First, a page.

“The Maritimes had been wedded to free trade, for they depended upon lumbering and fishing for their livelihood and had to import much of what they consumed. Canada, on the other hand, dreamed of industrialization and would surely girdle the new union with its tariff wall.49 Nova Scotia particularly disliked the financial terms which would compel her to surrender most of her sources of revenue to the central government, receiving in return an annual per capita subvention of eighty cents. Such a bargain would beggar them. The income of the provincial government which had been $1,500,000 in 1865 would shrink to $750,000 under confederation. Besides, the province would have to contribute $640,000 annually to the upkeep of the new government, leaving little to support such necessities as education and public works.50

These were the reasons sufficient to impel the people of the Maritimes to resist adoption of the Quebec resolutions. The governments of Newfoundland and Prince Edward Island rejected the scheme out of hand, but they were small and peripheral colonies whose adherence was not considered essential. It was quite otherwise with Nova Scotia; and New Brunswick; the completion of the union depended upon their acceptance. When S. L. Tilley, the confederationist premier of New Brunswick dissolved his assembly and held an election on the question of confederation, he was roundly beaten.52 Dr. Charles Tupper, leader of the Nova;Scotian government and likewise a confederationist, learned wisdom from this example and did not make an issue of union in his colony. But the damage was done.”


“New Brunswick was the geographic pivot of the proposed federation, and its rejection of the scheme seemed a fatal wound. Fortunately, this was the darkness before dawn, and other forces were soon at work moving the recalcitrant province. The British government put its overwhelming pressure upon New Brunswick to accept the Quebec Resolutions. Lieutenant Governor Sir Arthur H. Gordon, who had sympathized with the anti-confederationists, was a hasty convert to the “true faith” upon receipt of a sharp admonition from the colonial secretary.53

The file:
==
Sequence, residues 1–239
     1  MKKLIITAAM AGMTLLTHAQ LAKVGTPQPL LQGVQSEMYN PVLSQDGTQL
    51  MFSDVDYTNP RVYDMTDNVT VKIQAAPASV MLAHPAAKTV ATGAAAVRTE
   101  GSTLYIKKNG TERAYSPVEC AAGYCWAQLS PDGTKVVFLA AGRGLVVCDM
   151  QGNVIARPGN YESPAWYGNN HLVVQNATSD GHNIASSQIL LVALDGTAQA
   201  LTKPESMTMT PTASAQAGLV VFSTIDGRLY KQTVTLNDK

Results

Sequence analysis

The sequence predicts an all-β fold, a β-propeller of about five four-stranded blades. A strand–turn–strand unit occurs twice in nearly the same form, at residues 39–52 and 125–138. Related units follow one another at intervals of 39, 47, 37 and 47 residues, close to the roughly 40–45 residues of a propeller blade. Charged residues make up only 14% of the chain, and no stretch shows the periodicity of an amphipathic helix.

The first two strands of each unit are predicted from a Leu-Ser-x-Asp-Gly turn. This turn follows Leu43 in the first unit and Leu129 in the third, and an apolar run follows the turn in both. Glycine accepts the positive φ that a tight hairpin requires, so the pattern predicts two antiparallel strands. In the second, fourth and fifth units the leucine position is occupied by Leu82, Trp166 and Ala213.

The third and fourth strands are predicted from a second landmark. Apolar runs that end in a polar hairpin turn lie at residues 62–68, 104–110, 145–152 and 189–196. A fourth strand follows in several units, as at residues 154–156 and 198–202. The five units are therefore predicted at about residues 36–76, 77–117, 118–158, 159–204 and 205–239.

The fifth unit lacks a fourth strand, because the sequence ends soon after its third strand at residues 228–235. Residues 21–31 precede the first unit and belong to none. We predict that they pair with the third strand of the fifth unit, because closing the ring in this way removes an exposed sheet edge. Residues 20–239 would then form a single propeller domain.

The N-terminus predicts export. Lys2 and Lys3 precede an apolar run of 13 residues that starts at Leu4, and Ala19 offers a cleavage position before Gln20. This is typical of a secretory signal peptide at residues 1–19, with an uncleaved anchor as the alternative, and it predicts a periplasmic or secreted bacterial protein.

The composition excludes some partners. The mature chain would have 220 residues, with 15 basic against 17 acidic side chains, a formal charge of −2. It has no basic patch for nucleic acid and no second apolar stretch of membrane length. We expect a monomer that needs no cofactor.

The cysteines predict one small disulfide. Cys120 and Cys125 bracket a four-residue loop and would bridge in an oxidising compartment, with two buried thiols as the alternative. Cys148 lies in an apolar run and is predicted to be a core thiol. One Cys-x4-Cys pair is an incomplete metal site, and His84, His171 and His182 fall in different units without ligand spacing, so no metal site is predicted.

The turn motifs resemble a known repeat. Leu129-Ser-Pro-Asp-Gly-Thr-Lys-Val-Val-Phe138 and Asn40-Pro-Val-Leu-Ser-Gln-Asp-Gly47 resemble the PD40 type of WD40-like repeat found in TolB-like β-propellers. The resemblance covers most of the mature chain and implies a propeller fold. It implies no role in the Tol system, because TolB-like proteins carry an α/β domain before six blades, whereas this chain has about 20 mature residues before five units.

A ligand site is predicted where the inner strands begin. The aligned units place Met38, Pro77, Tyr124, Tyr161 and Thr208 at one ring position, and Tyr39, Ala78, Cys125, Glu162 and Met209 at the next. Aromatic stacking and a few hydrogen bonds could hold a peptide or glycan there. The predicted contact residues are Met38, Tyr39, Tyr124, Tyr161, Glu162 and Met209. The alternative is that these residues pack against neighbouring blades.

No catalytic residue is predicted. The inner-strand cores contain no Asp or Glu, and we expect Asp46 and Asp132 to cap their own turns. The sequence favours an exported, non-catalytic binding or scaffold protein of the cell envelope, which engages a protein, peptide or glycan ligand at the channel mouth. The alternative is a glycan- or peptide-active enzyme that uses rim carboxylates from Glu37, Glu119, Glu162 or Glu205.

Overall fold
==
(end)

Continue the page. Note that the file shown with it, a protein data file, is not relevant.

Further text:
The voting public lacked such clarifying revelations, but found the same conclusion in other experiences. They were deeply disappointed by the failure of attempts to renew reciprocity, upon which they had counted heavily. Talk of annexation in the United States, in Canada, and in New Brunswick itself gave them concern, and the Fenian raids frightened them.54 The chastened Gordon virtually forced a new election on his anti-confederationist government in 1866, and the results of the previous year were reversed. Nova Scotia also found the ways of righteousness, though through an iniquitous bypath. The wily Tupper, who had declined to challenge the federation question by making it an election issue, coaxed from his assembly a
resolution providing for the renewal of negotiations for union. Using this as a virtual carte blanche, he dispatched a delegation to London, where they joined representatives of the other two colonies. The upshot was the enactment of confederation by the British Parliament in the form of the British North America Act.


The anticonfederationists fumed and sputtered at this trick which Tupper had played upon them, and none more than their leader, Joseph Howe, a great and yet a pathetic figure in the history of British North America. He had had his day of glory when he led, and won, the struggle for responsible government in his colony. His interminable journeyings and campaigns throughout Nova Scotia had added to the fame which this victory had given him. There was scarcely an inhabitant of that province who had not seen and heard the gregarious “Joe” and shaken his hand-or been kissed by him if the subject were female, young, and pretty. Yet Howe’s stature had diminished by 1860. He had never duplicated his great triumph, and he had cheapened himself by his constant petitions to the British government for office. Charles Tupper, less flamboyant but a stumper of rare and rude power, was coming to dominate Nova Scotia. Howe needed again to lead a popular cause to restore his ancient glory. It is understandable that he should seek to retrieve fame by opposing confederation, for most Nova Scotians would follow him in this. Jealousy also dressed him for the role;